Albums like Holy War exist to push the limits of extremity. The album name, the album cover (a child with a bloodstained shirt and a bomb strapped to his chest), as well as a band logo with a take-no-prisoners name and prominent pentagram should give you some idea of what Thy Art Is Murder are going for here. This Australian band have long straddled the boundary between deathcore and death metal, but Holy War seem them developing their sound in much more of a death metal direction, drawing inspiration from bands like Behemoth, Hate, and Decapitated to great success, making Holy War by far their best album to date.
Psalms is the debut full-length album from New Jersey-based blackened deathcore band Lorna Shore. But this ain’t your grand-dad’s deathcore as Lorna Shore are at the forefront of fresh-faced new bands aiming to push the boundaries of what deathcore can sound like, and restore some credibility to a much-maligned genre; massive tech-death riffs, brutal slams, ferocious vocals, frenzied guitar solos, all coated in some truly grim and frostbitten black metal influences.
There are a bunch of different elements to Lorna Shore’s sound, but their most intriguing is the immediately apparent black metal influence. Not only are vocalist Tom Barber’s high-pitched shrieks and wretches straight out of a First Wave black metal band, his range also extends to gurgled brutal death metal gutturals. Tremolo picked riffs backed by relentless blast-beats abound on this album. No track better exemplifies this than ‘Infernal Haunting’ whose first thirty seconds sound like something off Behemoth – Evangelion, before the many-headed beast that is Lorna Shore shifts into neck-snapping tech-death riffage.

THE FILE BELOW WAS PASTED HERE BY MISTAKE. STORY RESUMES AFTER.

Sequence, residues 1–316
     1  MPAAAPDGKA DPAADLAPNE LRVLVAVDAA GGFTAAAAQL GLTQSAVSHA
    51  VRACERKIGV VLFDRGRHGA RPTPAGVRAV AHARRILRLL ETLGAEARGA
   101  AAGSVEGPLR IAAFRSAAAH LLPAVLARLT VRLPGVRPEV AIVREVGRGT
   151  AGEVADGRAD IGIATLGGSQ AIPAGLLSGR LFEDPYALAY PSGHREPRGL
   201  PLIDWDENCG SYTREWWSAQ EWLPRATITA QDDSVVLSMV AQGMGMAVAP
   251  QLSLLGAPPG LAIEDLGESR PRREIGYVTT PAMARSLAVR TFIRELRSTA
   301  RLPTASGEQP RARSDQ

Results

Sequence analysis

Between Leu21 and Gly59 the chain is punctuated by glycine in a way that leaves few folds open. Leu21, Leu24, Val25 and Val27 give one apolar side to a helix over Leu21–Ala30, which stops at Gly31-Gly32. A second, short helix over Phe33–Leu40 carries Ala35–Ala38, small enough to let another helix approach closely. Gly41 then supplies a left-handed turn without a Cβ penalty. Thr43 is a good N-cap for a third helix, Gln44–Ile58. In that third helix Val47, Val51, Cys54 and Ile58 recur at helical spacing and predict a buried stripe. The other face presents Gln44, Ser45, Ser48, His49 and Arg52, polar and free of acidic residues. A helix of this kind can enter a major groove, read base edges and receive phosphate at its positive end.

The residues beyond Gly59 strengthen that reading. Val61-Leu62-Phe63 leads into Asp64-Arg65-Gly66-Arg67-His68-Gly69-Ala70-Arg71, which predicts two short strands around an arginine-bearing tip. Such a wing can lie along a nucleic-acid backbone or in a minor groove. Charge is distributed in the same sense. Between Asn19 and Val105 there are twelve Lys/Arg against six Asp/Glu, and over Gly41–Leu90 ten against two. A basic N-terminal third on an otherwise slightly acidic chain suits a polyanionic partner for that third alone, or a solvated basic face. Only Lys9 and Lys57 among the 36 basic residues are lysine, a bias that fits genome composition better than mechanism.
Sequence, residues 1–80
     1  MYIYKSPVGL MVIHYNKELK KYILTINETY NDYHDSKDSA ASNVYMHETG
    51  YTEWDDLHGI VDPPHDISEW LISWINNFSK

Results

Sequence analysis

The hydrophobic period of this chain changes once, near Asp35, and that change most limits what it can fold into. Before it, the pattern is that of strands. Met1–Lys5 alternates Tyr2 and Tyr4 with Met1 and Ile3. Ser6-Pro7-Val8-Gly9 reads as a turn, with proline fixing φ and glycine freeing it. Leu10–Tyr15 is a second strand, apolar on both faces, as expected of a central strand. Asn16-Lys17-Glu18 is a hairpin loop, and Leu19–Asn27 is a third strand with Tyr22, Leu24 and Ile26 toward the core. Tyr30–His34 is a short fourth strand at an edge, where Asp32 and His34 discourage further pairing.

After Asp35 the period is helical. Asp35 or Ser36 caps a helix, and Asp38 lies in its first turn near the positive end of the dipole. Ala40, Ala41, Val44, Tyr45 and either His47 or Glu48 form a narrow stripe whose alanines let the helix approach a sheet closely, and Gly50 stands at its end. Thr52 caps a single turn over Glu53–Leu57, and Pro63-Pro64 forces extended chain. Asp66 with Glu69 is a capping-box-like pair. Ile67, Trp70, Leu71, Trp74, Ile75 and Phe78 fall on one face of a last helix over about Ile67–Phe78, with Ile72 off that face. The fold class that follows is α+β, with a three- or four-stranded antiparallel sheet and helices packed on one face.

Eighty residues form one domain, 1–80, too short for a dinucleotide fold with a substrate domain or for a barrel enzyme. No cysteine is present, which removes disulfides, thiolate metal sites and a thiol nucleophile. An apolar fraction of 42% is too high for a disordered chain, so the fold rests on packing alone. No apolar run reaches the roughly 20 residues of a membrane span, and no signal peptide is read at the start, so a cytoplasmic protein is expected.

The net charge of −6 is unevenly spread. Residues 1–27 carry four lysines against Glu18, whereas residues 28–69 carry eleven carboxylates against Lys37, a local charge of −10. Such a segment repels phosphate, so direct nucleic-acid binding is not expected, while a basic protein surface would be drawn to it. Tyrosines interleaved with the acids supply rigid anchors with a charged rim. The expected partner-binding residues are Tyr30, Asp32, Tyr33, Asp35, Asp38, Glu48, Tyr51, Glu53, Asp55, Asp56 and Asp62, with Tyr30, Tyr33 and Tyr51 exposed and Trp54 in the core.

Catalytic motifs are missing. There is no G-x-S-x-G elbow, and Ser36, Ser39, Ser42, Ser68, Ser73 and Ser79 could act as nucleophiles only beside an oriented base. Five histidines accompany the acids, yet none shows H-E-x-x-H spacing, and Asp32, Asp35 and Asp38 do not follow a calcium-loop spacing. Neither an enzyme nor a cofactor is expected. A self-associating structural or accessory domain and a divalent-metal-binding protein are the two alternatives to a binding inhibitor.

Their ability to write openly compelling, heavy, and catchy riffs is one of their greatest strengths, really making tracks like ‘Death Gowns’ and ‘Throne of Worms’ stand out. Riffs are often fast and punishingly heavy, and would hardly sound out of place on a Black Dahlia album, while at other times rivaling Black Tongue for their crushing heaviness. The strength of the guitarwork is not just in their heaviness but also in their natural ability to create and sustain a menacing and foreboding atmosphere throughout this album. And, unusually for deathcore, Lorna Shore are not afraid to whip out some of the most evil guitar solos I’ve ever heard. Something about them just oozes malice and it’s fantastic.
I must also mention for praise the production on this album: it has a cavernous quality to it which makes every instrument sound natural but also gives them all plenty of room to breathe. I can practically feel the drums and bass reverberating around my headphones, so kudos to the producer on this album. And the bass is another highlight of this album for me: many bands see bass as an afterthought, a problem often exacerbated by poor production. However, on Psalms Lorna Shore give the bass its rightful place, and it really does pack a punch, masterfully filling out the lower end of their sound, particularly on ‘Grimoire.’ The drumming is likewise very tasteful: powerful and perfectly-executed blastbeats accentuate the frenzied, heavier moments of the songs, appropriately pulling back when the other instruments come to the fore for the more atmospheric moments.
It’s all very professionally done, without feeling overly-produced or fake. If I have any complaint about this album it’s the band’s use of breakdowns/slams. While a lot of them are incredibly brutal and well-used, sometimes they feel haphazardly structured, thrown in between two very fast-paced sections and killing the momentum the band has going. And as a more general point, some of the songs feel somewhat disjointed, occasionally feeling like various ideas stitched together. This is not a very widespread problem however, and only affected my enjoyment of one or two tracks here. And as one final minor complaint, on the chorus section of the penultimate track ‘Traces of Supremacy’ there is a kind of vocoder effect on his vocals which I found quite jarring.